Advertisement

Active Hackathon

Will Timnit Gebru’s New Institute Take On Big Tech’s Influence On AI Research

“AI needs to be brought back down to earth. It has been elevated to a superhuman level, which leads us to believe it is inevitable and beyond our control.”

Timnit Gebru launched Distributed Artificial Intelligence Research (DAIR) Institute, an independent, community-driven organisation that aims to counter Big Tech’s influence on the research and development of AI. In the past, Gebru has also spoken about big tech’s excessive (often unregulated) say on the AI landscape; she hopes to create an independent space where researchers from varied backgrounds can come together and set an agenda for AI research that is rooted in their communities and experiences.

Gebru is one of the most respected voices in the field of AI Ethics. Last year, Gebru, who then worked as the co-lead of the Ethics AI team, was ousted from Google for allegedly co-authoring a paper on large language models and their adverse effects. 

THE BELAMY

Sign up for your weekly dose of what's up in emerging technology.

Why DAIR

“AI needs to be brought back down to earth. It has been elevated to a superhuman level, which leads us to believe it is inevitable and beyond our control. When AI research, development and deployment is rooted in people and communities from the start, we can get in front of these harms and create a future that values equity and humanity,” said Gebru.

The new institute established by Gebru is currently a Code for Science and Society project and has received $3 million in funding from Ford Foundation, the John D. and Catherine T. MacArthur Foundation, the Kapor Center and the Open Society Foundation, among others. With DAIR, investors and founders hope to build a field of public interest technology – meaning harnessing the power of emerging technologies for the public good. This will ultimately build the movement towards an inclusive and equitable technology. DAIR eventually plans to establish itself as a non-profit organisation.

DAIR will develop use cases for AI that are unlikely to be developed anywhere else (read big tech companies) to further inspire others to give technology a new direction. One of the first projects that the institute will work on is creating a public dataset of aerial imagery of South Africa to examine how and if apartheid is still etched into land use. A preliminary analysis showed that most vacant land in the densely populated region that was once restricted to non-white and poor people, developed between 2011 and 2017, has now been converted to wealthy residential areas. DAIR will soon be publishing a paper on this project. It will mark DAIR’s debut in the academic AI research circle at the NeurIPS conference.

Need for Independent Research in AI

Researchers like Gebru have been speaking about freeing AI research from the clutches of big tech. These companies exert a lot of influence and power over their fields since AI underpins some of their popular products like Google search engine and Amazon’s Alexa. In this endeavour, companies routinely publish influential research papers, fund important conferences, establish data centres for large scale AI research, and hire top researchers in the field. Studies have shown that the majority of tenure track faculty at four top universities received backing from Big tech companies.

Another 2019 report revealed that Google had poured more than $250 million since 2005 into academia. Similarly, Samsung pumped $1.5 billion into Korean research institutions through a funding programme launched in 2013. Receiving funding from these large conglomerates helps researchers be free of the financial burden and is also a pathway for a full-fledged industry career.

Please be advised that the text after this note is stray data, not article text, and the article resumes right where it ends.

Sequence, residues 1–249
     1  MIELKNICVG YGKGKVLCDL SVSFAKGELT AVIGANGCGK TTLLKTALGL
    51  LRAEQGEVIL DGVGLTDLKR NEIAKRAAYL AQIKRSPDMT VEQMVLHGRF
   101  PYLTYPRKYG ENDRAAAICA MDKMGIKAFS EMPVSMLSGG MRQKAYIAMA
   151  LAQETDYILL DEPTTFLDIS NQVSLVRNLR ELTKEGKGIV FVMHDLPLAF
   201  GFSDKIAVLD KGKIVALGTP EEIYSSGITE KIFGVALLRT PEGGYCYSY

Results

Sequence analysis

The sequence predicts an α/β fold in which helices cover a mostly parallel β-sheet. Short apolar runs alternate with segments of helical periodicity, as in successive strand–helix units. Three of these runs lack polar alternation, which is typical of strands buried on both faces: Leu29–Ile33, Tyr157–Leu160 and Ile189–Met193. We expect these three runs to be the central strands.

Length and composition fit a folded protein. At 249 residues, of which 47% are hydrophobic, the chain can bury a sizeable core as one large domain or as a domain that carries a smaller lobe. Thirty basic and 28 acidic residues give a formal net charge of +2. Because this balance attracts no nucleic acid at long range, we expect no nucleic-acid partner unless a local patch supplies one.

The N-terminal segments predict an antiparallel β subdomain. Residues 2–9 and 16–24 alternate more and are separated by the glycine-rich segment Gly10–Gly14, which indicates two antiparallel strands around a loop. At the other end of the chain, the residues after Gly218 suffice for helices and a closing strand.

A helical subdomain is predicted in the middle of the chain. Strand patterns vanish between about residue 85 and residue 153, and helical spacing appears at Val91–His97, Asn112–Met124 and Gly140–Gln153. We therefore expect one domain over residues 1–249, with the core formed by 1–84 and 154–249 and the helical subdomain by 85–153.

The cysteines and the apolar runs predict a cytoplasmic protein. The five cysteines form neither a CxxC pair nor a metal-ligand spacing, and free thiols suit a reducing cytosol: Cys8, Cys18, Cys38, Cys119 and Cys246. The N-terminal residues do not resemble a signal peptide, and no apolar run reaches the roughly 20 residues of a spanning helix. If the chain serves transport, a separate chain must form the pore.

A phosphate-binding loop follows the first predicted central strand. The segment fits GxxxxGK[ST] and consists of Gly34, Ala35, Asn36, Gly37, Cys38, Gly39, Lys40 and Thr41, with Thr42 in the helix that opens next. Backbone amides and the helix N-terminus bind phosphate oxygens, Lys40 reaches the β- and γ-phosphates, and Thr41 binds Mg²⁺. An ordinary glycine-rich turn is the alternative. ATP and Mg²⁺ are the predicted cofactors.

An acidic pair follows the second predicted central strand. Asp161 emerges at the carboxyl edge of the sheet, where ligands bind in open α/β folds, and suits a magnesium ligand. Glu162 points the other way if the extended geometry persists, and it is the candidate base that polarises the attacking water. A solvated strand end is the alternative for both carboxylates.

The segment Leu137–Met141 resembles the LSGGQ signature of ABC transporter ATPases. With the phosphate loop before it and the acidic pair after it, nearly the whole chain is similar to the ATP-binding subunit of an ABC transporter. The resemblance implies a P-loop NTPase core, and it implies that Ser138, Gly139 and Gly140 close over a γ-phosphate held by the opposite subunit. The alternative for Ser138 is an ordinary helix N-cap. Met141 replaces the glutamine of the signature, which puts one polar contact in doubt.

But all this comes at a cost. There is a serious conflict of interest in such cases. Other than that, usually, these research projects must be related to the funding company’s business interest.

More Great AIM Stories

Shraddha Goled
I am a technology journalist with AIM. I write stories focused on the AI landscape in India and around the world with a special interest in analysing its long term impact on individuals and societies. Reach out to me at shraddha.goled@analyticsindiamag.com.

Our Upcoming Events

Conference, Virtual
Genpact Analytics Career Day
3rd Sep

Conference, in-person (Bangalore)
Cypher 2022
21-23rd Sep

Conference, in-person (Bangalore)
Machine Learning Developers Summit (MLDS) 2023
19-20th Jan, 2023

Conference, in-person (Bangalore)
Data Engineering Summit (DES) 2023
21st Apr, 2023

Conference, in-person (Bangalore)
MachineCon 2023
23rd Jun, 2023

3 Ways to Join our Community

Discord Server

Stay Connected with a larger ecosystem of data science and ML Professionals

Telegram Channel

Discover special offers, top stories, upcoming events, and more.

Subscribe to our newsletter

Get the latest updates from AIM
MOST POPULAR

Council Post: How to Evolve with Changing Workforce

The demand for digital roles is growing rapidly, and scouting for talent is becoming more and more difficult. If organisations do not change their ways to adapt and alter their strategy, it could have a significant business impact.

All Tech Giants: On your Mark, Get Set – Slow!

In September 2021, the FTC published a report on M&As of five top companies in the US that have escaped the antitrust laws. These were Alphabet/Google, Amazon, Apple, Facebook, and Microsoft.

The Digital Transformation Journey of Vedanta

In the current digital ecosystem, the evolving technologies can be seen both as an opportunity to gain new insights as well as a disruption by others, says Vineet Jaiswal, chief digital and technology officer at Vedanta Resources Limited

BlenderBot — Public, Yet Not Too Public

As a footnote, Meta cites access will be granted to academic researchers and people affiliated to government organisations, civil society groups, academia and global industry research labs.